Emoji are a staple in conversations for many, many people. They offer a colorful, language-agnostic way to convey thoughts and intent that can’t always come across in a wall of text. Instant messaging is the most common home to these little pictograms, but it's not unheard of for them to appear elsewhere, particularly within contact names. Unfortunately, when Emoji are used to decorate contacts in Gmail, it can interfere with the syncing service and prevent those contacts from crossing between devices.
Phones have gotten smarter over the years, but managing contacts remains a pretty tedious affair. Syncing information saved on Android devices with a Google account prevents having to manually transfer them every time you move to a new gadget, but this does nothing to stop the periodic Facebook status updates informing mass numbers of people at once that you or your friend's phone has gone for a swim or jumped off a roller coaster, and as a result, the number has changed.
Earlier this year, Mozilla introduced Firefox Accounts, an easier way to sync all the good stuff like your passwords, bookmarks, history, and open tabs across multiple devices. This is far from Firefox's first rodeo, as the browser has had support for syncing data since Chrome was a baby, but this introduces in a further degree of ease-of-use and consolidation that users have come to expect. Now the functionality has found its way into the latest version of the Firefox Beta Android app.
The competition for cloud storage customers is getting fierce, and companies like Box need every edge they can get. To that end, the Box Android app is getting a huge overhaul today, focusing on user interface, local file management, and remote syncing and collaboration. Version 2.2 of the app will be live in the Play Store today, and should be rolling out to existing users over the next few hours.
The general interface gets the most attention, starting with a new and oh-so-trendy navigation drawer.
We know there are more than a few of you out there who are hooked on PushBullet, the pushing, pulling, syncing, file and information multitool extraordinaire. Until now the app was limited to Android, Chrome, and a more generic web interface (if you can call that limited) but today they've released a Firefox extension, for those users who prefer Mozilla's infinitely extensible web browser. Version 1.0 was uploaded this weekend, ready for testing with the greater PushBullet service.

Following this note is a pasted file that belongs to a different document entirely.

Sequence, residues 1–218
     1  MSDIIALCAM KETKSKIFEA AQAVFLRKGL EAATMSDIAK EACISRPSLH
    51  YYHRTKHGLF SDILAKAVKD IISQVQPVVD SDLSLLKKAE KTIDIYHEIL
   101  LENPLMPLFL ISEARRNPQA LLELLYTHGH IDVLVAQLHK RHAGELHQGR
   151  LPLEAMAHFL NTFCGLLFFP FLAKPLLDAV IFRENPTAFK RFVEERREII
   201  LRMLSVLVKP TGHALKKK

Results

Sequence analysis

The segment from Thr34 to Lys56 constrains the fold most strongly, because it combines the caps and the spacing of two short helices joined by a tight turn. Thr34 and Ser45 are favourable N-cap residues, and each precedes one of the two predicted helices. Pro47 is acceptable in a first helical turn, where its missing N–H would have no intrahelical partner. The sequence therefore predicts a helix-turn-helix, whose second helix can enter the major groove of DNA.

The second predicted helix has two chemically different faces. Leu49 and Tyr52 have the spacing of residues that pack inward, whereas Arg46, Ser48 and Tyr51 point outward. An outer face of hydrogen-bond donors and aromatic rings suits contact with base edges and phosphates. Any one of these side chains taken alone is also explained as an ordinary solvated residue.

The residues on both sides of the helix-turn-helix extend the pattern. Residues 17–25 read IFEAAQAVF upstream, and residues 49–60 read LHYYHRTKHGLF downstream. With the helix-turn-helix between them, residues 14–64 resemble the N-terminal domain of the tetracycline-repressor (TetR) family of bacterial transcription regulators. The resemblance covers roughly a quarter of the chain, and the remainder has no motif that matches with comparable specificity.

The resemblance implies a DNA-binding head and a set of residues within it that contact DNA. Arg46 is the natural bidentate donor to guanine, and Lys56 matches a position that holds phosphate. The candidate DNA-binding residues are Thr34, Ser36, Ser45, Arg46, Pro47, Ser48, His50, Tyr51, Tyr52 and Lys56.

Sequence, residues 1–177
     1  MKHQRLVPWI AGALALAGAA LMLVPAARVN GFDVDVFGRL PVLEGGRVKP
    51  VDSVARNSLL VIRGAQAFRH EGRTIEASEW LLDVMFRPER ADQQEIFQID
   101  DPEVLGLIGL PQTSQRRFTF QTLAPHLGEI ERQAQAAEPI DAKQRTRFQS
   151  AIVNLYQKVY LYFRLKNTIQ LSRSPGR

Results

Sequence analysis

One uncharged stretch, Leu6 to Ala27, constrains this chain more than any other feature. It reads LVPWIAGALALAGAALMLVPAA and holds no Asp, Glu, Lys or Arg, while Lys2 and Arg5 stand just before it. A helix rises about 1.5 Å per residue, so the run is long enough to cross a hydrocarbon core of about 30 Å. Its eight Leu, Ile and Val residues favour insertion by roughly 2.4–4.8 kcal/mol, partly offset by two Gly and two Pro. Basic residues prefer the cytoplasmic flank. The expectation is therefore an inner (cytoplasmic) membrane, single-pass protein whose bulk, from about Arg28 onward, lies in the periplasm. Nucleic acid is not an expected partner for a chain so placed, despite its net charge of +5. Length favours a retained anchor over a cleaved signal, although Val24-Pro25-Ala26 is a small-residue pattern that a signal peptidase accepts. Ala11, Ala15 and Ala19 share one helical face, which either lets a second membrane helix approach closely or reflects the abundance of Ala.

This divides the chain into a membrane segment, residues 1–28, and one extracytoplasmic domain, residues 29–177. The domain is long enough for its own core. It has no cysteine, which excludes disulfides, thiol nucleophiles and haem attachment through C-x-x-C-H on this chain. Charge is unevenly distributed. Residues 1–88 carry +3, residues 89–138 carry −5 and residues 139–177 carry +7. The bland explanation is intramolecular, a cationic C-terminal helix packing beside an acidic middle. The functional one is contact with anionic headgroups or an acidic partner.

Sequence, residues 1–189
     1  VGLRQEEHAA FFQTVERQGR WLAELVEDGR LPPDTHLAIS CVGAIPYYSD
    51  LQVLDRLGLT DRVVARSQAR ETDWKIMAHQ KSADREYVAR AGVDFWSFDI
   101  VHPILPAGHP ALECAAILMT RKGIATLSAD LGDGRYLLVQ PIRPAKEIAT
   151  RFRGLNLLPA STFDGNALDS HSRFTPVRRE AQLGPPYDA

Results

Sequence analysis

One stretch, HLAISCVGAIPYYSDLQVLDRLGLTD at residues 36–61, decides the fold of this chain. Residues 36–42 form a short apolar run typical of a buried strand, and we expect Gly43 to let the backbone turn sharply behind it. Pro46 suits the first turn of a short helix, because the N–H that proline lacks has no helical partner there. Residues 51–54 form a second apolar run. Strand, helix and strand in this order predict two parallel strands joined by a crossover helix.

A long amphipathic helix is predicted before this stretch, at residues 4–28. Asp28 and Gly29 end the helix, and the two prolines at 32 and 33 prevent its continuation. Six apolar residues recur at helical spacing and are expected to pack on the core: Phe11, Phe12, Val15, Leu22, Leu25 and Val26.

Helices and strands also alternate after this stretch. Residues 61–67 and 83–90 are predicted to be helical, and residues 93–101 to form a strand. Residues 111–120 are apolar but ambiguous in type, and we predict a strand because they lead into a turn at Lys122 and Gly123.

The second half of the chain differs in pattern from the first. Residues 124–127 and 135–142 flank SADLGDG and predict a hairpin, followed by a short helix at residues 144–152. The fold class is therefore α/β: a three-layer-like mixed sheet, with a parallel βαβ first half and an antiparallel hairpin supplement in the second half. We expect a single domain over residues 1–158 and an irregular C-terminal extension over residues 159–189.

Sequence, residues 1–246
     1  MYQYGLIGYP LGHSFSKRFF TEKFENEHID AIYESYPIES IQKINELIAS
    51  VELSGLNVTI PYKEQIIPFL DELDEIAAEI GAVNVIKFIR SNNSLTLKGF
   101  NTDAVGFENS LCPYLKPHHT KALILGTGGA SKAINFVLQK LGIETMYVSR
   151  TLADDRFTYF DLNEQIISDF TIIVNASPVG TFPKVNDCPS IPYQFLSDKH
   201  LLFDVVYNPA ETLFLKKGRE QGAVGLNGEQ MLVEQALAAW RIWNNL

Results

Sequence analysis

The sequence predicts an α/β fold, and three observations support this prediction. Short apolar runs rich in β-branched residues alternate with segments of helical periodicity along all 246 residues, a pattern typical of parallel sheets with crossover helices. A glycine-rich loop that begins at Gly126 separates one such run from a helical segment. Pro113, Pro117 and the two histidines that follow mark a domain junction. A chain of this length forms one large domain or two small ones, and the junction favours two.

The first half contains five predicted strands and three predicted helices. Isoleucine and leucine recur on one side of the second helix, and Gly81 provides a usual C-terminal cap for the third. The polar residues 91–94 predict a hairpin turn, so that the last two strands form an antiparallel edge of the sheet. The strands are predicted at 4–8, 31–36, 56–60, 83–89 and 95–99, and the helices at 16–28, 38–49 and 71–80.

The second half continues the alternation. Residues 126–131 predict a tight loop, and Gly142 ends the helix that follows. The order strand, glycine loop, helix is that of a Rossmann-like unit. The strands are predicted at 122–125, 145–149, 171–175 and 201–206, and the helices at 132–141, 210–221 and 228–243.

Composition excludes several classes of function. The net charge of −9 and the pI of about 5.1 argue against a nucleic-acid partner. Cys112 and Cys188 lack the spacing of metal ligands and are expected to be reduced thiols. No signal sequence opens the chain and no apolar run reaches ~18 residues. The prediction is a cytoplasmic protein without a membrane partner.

There are a myriad of ways to move data between your Android device and computer, but the new app Scatter promises to do it better. Scatter uses peer-to-peer data syncing to send files and text from one device to the other. It's in beta, but the functionality is impressive.
Remember how we told you Google Games was coming, and how it's going to pack multiplayer functionality, leaderboards, achievements, and stuff like that? That's happening. There are going to be cloud game saves too.
Fresh out of Google HQ, we've managed to score a copy of the new Google Play Services v3.1.36, which is very slowly rolling out to devices right now. For comparison, the current Play Services that most people have is v3.0.27.
Android is far from the first platform Todoist has landed on, but fans of the service have been anxiously waiting. Todoist is a clean, snappy to-do list manager that has a ton of cloud features to keep your busy life under control. The app is free to use in basic mode, but the advanced features are gonna cost you.
The main interface in Todoist is just a super-minimalist task list organized in chronologic order.
Dropbox has been the reigning king of cloud storage and syncing for a few years now, but the competition is getting intense. LogMeIn, which is best known for its remote access apps, has just launched a cloud storage solution of its own called Cubby. Not only does Cubby come with 5GB of free storage to Dropbox's 2GB, but it also implements a peer-to-peer sharing system that will help you get around that limit.
Titanium Backup, a widely popular backup solution for root users, got an update today to version 4.8.4, adding a handful of improvements and functions, not the least of which being support for Box.net backup syncing.
If you're wondering why Box.net support is significant, the reason is this: until now, mobile users have had little use for the cloud service's free 50GB account option, which caps the size of uploads at 100MB, and is only compatible with mobile devices (meaning there's no desktop syncing capability).